Bhrigupati Singh completed his PhD in anthropology at Johns Hopkins University in 2010 and is currently an assistant professor of anthropology at Brown, a faculty fellow at the Watson Institute and joint associate director of the Center for Contemporary South Asia.
He has published numerous articles on issues of religion, politics, media, and popular culture, in journals including Cultural Anthropology, American Ethnologist, and Contributions to Indian Sociology. His recent book, titled Poverty and the Quest for Life: Spiritual and Material Striving in Rural India (University of Chicago Press, 2015; Oxford University Press – South Asia 2015), was awarded the Joseph Elder Prize in the Indian Social Sciences, the Award for Excellence in the study of religion (analytic-descriptive) by the American Academy of Religion, and was a finalist for the Clifford Geertz Book Prize. He is the co-editor of The Ground Between: Anthropological Engagements with Philosophy (Duke University Press, 2014), and serves as an associate editor of HAU: Journal of Ethnographic Theory. His recent co-edited collection, A Joyful History of Anthropology was published by HAU in December 2016.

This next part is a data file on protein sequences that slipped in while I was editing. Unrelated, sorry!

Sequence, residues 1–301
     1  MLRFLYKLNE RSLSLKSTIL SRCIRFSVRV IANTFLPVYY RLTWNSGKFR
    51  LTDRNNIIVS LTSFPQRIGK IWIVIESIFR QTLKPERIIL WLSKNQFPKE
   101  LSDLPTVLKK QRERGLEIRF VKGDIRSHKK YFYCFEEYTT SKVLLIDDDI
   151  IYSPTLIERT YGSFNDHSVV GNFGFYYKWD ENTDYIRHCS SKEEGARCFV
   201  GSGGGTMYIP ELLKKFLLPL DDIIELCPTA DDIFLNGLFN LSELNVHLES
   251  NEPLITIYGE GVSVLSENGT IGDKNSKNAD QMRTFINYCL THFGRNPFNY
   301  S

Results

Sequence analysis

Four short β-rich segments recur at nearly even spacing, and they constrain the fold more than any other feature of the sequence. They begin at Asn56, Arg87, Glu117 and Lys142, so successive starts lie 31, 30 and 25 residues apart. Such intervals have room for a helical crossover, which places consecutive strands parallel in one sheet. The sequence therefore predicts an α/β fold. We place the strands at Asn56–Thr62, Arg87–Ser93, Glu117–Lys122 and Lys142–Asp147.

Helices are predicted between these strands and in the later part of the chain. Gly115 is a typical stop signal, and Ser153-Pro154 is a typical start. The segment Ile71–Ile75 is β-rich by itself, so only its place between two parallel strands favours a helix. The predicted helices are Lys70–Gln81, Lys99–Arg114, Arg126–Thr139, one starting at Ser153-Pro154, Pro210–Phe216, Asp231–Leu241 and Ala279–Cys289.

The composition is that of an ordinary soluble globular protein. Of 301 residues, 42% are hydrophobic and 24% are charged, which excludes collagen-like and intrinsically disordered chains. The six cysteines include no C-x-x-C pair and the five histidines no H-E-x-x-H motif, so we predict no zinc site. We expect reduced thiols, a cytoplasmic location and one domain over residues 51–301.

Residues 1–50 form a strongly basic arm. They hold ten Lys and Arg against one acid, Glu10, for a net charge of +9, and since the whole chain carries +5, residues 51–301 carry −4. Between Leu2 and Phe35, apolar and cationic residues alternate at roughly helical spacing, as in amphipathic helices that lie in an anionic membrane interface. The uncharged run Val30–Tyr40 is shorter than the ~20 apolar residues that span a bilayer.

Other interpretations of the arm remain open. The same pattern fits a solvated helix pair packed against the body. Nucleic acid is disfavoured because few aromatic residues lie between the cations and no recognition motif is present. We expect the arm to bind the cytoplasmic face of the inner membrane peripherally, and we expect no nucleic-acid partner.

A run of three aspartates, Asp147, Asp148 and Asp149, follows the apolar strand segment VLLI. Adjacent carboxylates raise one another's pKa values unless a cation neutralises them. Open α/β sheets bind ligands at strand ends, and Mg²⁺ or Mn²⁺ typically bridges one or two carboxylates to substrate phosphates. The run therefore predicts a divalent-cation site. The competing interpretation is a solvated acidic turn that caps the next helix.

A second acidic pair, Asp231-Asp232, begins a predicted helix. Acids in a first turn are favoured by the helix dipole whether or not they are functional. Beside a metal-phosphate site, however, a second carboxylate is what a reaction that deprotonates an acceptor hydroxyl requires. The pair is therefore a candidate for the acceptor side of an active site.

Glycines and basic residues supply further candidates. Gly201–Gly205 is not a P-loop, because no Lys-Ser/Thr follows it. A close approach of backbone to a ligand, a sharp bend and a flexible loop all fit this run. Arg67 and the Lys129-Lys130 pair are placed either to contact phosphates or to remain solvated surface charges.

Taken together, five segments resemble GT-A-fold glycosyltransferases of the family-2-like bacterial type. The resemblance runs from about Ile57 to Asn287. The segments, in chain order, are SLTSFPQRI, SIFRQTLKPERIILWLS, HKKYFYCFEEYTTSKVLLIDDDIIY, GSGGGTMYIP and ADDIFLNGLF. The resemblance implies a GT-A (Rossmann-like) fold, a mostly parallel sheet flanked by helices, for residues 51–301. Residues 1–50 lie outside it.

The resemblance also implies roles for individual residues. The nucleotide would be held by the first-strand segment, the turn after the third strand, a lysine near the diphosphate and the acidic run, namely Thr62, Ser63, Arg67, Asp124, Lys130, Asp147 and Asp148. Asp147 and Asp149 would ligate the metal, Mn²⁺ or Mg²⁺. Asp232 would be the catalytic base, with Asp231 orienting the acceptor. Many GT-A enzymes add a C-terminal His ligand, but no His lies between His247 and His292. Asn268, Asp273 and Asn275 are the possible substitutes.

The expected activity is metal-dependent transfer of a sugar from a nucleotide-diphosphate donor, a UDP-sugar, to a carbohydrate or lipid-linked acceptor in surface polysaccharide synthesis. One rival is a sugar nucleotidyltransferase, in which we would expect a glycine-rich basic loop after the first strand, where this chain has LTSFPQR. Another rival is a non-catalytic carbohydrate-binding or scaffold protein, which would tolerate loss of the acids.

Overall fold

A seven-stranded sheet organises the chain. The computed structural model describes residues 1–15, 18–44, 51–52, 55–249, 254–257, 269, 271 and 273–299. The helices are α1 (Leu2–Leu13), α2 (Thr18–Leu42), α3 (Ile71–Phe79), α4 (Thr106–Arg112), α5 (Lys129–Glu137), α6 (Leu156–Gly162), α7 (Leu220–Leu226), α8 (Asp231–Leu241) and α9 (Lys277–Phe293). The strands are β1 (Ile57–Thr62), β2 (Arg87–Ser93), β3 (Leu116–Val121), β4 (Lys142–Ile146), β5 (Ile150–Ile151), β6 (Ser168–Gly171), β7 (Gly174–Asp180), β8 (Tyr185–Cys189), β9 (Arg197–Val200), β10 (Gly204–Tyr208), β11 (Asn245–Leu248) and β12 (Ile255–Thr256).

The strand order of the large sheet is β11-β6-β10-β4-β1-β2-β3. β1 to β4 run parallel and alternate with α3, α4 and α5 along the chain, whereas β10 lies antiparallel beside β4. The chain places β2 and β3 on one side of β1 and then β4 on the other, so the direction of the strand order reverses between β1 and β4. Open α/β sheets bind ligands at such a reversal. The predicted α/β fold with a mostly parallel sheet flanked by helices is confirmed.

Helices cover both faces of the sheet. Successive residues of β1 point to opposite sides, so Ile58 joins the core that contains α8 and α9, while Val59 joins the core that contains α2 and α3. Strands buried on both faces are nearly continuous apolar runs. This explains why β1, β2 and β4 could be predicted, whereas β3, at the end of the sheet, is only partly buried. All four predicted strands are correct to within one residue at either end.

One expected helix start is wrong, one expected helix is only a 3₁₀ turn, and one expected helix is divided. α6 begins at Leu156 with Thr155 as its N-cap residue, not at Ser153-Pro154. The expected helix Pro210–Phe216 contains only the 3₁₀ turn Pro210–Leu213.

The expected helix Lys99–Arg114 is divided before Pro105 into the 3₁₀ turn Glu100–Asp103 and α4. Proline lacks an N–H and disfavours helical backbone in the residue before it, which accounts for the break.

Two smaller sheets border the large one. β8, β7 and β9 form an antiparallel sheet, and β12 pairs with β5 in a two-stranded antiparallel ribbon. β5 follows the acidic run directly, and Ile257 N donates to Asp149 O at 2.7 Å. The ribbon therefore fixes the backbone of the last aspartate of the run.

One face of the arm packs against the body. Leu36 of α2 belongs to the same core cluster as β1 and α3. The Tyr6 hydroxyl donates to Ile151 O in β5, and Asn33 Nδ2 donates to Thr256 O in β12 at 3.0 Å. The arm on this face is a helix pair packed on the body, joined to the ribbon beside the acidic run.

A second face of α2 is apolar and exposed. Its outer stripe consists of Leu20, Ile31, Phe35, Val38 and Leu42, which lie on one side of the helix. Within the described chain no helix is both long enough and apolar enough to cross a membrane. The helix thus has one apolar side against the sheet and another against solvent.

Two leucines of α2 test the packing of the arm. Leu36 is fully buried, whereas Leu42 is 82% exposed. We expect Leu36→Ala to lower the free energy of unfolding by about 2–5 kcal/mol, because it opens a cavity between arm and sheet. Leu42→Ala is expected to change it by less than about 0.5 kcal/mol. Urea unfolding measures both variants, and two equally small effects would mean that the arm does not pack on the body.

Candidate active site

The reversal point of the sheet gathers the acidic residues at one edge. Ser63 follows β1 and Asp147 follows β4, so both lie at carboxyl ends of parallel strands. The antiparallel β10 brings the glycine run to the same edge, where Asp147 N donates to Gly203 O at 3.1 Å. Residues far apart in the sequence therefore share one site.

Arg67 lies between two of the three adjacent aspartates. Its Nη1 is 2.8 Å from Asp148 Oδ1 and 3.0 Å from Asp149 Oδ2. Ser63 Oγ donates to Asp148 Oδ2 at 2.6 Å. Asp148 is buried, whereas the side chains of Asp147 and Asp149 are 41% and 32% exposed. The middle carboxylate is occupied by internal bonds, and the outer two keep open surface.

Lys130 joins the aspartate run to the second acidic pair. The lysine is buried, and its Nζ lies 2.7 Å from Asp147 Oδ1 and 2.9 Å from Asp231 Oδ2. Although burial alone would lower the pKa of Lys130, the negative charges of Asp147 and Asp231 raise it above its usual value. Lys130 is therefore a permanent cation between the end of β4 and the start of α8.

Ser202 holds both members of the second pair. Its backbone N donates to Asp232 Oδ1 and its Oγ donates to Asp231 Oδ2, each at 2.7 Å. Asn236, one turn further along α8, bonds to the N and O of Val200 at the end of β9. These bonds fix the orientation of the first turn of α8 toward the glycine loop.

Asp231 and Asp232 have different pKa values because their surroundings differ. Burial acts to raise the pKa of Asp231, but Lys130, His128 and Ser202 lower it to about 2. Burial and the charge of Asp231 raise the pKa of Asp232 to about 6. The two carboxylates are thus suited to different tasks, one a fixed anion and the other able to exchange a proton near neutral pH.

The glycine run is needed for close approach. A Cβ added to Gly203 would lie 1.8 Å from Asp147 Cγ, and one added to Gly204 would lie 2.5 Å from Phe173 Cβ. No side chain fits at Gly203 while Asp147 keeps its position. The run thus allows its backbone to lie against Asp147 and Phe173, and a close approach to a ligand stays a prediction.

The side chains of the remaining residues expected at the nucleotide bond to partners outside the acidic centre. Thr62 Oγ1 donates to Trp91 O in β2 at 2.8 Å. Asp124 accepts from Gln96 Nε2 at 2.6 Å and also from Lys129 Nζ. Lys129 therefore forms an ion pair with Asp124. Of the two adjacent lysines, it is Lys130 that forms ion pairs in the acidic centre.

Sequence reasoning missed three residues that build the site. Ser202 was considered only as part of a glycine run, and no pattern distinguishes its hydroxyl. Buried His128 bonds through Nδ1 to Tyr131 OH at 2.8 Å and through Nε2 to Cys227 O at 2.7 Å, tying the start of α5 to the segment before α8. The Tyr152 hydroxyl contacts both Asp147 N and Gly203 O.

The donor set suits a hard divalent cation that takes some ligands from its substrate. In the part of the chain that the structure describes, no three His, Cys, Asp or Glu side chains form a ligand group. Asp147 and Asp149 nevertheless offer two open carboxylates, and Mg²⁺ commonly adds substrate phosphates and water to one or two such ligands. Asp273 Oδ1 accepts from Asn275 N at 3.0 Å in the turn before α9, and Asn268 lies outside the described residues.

This year he will continue a newer and emerging set of projects: a book of essays on philosophical and literary concepts of vitalism and its relation to anthropological understandings of everyday life, titled Waxing and Waning Life, and a new anthropological monograph on urban poverty, mental health, drug addiction, and collective violence, set in the “resettlement colony” of Trilokpuri in East Delhi. This monograph grows out of a year of research he conducted over the past academic year, with grants from the Wenner-Gren Foundation and the American Institute of American Studies, based at the Department of Psychiatry, All India Institute of Medical Sciences (AIIMS, Delhi). In collaboration with psychiatrists at AIIMS, he is in the process of creating a consortium for longitudinal research on issues of mental health and urban poverty. He is an Associate Director (alongside Leela Gandhi) and a member of the steering committee of the Brown Center for Contemporary South Asia.